UN calls on North Korea to close political prison camps
'Ultimately, of course, I call for the dismantlement of these facilities'
A United Nations human rights expert urged North Korea to free the tens of thousands of dissident detainees who are believed to be held captive in the state’s political prison camps.
Tomas Ojea Quintana, the special UN rapporteur on human rights in North Korea, spoke at a news briefing on the matter on Monday and cautioned that the issue could be systemic.
“I have heard accounts that… the system, the political regime in North Korea, would not survive without the existence of political prison camps,” Ojea Quintana warned.
“I really urge the leadership to continue to release prisoners - especially those [who are] most vulnerable - and ultimately, of course, I call for the dismantlement of these facilities.”
Pyongyang disputes the existence of such prison camps.
North Korea has also claimed in the past that criticisms of its rights record are part of a hostile policy campaign waged against Pyongyang by the West.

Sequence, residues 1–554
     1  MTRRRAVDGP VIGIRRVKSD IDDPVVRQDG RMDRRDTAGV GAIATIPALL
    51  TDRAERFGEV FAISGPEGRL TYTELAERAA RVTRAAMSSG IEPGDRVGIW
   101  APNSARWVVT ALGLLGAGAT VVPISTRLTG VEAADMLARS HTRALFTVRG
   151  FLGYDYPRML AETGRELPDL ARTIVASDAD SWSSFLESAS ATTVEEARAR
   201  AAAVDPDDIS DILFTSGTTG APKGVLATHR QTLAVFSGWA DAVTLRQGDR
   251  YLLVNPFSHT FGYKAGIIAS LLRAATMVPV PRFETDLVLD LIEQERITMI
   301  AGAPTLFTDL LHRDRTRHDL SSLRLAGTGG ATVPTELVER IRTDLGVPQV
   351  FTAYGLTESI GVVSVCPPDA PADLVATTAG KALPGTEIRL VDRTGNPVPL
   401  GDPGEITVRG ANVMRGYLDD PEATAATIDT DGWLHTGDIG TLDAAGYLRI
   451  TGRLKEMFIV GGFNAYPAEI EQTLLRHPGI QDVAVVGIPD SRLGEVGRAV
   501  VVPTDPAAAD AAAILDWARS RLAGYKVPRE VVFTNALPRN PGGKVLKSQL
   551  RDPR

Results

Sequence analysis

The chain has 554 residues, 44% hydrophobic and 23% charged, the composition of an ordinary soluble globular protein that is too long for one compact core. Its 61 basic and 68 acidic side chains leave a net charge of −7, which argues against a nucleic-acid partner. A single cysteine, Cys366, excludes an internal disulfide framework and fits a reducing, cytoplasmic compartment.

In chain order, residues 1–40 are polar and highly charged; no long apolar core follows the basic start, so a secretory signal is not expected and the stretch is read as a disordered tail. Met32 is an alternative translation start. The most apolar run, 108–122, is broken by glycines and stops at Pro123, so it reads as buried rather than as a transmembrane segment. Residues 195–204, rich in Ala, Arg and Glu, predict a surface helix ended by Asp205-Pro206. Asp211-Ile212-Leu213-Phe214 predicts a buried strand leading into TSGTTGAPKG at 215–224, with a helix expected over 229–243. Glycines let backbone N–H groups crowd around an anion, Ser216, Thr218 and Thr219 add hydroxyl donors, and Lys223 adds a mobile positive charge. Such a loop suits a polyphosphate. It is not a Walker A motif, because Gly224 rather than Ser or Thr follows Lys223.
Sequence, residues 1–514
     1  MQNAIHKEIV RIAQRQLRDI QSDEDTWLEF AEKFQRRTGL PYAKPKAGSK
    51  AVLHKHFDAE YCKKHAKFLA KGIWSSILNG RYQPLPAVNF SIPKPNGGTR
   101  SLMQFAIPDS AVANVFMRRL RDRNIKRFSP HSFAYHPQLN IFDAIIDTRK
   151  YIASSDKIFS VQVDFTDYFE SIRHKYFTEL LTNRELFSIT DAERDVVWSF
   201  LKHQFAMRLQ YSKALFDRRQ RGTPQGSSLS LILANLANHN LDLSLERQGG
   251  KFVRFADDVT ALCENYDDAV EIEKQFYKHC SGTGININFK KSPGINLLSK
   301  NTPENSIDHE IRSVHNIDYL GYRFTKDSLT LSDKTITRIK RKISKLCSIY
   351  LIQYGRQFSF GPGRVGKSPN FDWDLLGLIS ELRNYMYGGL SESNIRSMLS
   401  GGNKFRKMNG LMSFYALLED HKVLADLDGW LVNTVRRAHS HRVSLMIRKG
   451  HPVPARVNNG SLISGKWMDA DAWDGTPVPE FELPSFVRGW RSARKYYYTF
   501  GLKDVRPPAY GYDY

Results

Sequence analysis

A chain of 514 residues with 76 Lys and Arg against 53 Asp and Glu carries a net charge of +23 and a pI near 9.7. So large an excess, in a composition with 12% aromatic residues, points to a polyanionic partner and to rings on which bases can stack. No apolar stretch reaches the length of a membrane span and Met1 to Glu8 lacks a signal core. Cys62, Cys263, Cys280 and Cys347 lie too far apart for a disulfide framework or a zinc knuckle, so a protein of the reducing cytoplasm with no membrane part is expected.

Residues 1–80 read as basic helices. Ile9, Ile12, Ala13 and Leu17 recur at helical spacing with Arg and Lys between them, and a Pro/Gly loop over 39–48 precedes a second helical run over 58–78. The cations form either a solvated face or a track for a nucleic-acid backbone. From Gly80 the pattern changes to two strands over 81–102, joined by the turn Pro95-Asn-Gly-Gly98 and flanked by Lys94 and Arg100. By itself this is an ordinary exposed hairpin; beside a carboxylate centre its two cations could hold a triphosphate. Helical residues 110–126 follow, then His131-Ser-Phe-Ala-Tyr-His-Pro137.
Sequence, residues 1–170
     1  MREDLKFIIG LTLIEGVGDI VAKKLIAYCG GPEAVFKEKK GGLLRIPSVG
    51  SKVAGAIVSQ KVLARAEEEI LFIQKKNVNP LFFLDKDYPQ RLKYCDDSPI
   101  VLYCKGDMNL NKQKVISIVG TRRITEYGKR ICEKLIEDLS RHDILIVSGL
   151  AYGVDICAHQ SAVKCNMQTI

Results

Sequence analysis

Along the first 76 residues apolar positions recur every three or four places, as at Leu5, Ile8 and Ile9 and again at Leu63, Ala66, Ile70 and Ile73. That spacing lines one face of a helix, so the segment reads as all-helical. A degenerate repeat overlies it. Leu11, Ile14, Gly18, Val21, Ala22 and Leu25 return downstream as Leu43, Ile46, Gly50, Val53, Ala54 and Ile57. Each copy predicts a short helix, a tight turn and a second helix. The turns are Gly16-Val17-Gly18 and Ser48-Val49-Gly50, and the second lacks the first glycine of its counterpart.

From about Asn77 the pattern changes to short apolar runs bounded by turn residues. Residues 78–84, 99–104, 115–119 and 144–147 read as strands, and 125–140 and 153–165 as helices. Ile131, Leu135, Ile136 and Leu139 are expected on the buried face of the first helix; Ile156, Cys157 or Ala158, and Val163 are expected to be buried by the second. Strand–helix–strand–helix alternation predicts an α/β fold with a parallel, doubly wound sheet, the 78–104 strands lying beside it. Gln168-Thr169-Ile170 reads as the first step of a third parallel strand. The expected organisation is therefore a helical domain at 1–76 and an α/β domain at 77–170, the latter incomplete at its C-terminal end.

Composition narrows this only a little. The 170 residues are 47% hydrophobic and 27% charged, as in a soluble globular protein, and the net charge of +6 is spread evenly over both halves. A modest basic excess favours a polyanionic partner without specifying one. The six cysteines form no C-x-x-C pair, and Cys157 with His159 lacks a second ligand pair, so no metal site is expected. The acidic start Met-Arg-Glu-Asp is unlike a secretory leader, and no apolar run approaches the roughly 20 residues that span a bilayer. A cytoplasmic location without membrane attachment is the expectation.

“Authorities in North Korea need to know they have to respond sooner or later for crimes being committed,” Ojea Quintana urged.
“In some political prisoner camps the prisons are being used for forced labor in coal mines and other kinds of mines,” he added.
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While presenting his report to the UN Human Rights Council, the official also called on world powers to pressure Pyongyang on its abuses.
“The international community must step up to the challenge of reviving engagement with the Democratic People’s Republic of Korea to address serious human rights violations,” he said.